Joel patented his findings and began assisting French vineyards in adapting their farming methods to include Genodics. As of 2015, over 400 Genodics programs have been implemented. Spanning several wine regions outside of France including Italy and South Africa.  

Even though several styles of music have been tested, Classical music has the best results (with jazz coming in at a close second). What can we say, vines are traditionalists.  

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Caterpillar, what?

Pheromones, caterpillar pheromones! This genius hack, aka Sexual Confusion, is an organic and sustainable practice that many Bordeaux vineyards are putting into action.

The problem starts with moths. These vineyard pests love mating and, subsequently, laying eggs on vulnerable vines. Once the larva hatch, these caterpillars sup on the leaves and grapes before cocooning and flying off (only to repeat the process all over again). Caterpillars munching on the plants leaves vines susceptible to botrytis, a fungus causing the grapes to shrivel and decay. All bad news for any winery.

Wineries have discovered that by systematically placing caterpillar pheromones throughout the vineyard (making the moths think that egg laying has already commenced) it deters the moths and sends them to make ‘sexy time’ somewhere else, like on their second favorite plant, trees. Damien recognized the genius of working with nature rather than against it, and implemented that strategy at Château Gaby with stunning results.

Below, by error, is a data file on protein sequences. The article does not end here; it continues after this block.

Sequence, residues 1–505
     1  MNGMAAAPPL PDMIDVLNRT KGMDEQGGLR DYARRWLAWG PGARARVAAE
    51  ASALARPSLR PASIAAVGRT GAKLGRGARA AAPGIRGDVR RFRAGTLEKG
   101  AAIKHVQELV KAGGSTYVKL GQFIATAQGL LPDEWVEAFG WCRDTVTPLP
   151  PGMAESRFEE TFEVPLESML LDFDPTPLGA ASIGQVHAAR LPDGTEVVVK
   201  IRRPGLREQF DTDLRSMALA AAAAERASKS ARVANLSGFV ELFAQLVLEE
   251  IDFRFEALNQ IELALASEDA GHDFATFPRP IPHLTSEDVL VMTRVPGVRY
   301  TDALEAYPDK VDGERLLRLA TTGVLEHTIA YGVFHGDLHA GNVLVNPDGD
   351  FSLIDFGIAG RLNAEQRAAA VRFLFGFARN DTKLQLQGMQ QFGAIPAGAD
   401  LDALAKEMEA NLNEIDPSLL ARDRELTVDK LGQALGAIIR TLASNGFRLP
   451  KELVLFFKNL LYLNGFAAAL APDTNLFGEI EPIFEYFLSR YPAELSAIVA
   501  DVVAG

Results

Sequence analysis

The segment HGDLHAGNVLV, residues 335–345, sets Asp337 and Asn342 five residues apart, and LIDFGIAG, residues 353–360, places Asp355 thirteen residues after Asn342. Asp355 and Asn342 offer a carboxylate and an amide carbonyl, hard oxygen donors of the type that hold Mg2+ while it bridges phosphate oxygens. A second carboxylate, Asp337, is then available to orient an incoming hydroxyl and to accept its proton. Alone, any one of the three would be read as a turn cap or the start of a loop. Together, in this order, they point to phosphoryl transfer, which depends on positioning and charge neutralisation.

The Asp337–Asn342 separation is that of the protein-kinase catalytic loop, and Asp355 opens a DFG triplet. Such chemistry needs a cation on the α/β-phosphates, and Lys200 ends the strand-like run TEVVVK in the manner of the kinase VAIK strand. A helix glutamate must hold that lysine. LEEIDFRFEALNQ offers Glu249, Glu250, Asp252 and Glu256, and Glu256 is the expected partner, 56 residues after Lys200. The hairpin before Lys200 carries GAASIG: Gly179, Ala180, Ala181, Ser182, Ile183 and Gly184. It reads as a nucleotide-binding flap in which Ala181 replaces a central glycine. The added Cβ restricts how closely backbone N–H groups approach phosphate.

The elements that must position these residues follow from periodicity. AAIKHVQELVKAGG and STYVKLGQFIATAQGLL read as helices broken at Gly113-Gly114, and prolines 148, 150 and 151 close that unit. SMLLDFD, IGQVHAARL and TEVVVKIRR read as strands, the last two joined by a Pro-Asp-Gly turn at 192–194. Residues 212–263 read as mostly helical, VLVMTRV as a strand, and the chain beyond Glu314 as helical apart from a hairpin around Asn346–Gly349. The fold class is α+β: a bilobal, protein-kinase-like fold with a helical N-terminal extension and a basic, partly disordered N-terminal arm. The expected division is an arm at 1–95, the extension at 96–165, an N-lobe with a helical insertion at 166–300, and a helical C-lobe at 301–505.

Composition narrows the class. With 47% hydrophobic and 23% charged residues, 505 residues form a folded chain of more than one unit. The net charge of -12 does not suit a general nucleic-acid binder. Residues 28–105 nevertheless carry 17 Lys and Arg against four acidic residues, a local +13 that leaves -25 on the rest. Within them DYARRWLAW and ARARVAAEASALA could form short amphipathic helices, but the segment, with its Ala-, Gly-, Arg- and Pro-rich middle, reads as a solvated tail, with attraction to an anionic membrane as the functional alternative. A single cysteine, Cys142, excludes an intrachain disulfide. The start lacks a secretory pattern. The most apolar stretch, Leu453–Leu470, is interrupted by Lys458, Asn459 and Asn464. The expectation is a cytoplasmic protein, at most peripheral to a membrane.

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Château Gaby’s Dedication  

Since 2014, Château Gaby has been steadily pursuing organic farming practices. Beginning with vintages in 2018 and beyond, all of their wines will be certified by ECOCERT and classified as organic.

ECOCERT is a French organization that inspects and certifies farmers following their strict and rigorous organic criteria. Since the early 90’s, ECOCERT has been leading the French and European charge into a more environmentally friendly unit. It is very noble and respectable organization and most revered in the French winemaking community.

Damien Landouar has been a forward thinker in the organic vineyard pursuits. He has adapted to using Genodics and caterpillar pheromones, as just two of the many natural ways to combat the harms that come to his vines.

Tasting the Organic Difference  

A study out of UCLA that was published in the Journal of Wine Economics concluded that organic wines do taste better. Thousands of wine expert ratings were analyzed and showed that eco-certified wines scored significantly higher than conventional wines.

Organic wine is something that can be tasted as well as felt. Knowing that a vineyard dedicated so much effort into the preservation of their vines and the surrounding ecosystem makes for legendary vintages. The wine just tastes better due to meaningful craftsmanship that elevates every sip.

Every bottle produced at Château Gaby hosts the enrichment and flavor of well-cared for grapes and the terroir that produced them. The 2018 Château Gaby will be the first fully organic vintage to be released. Pour a glass and taste the organic difference for yourself!

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Eric Chalifour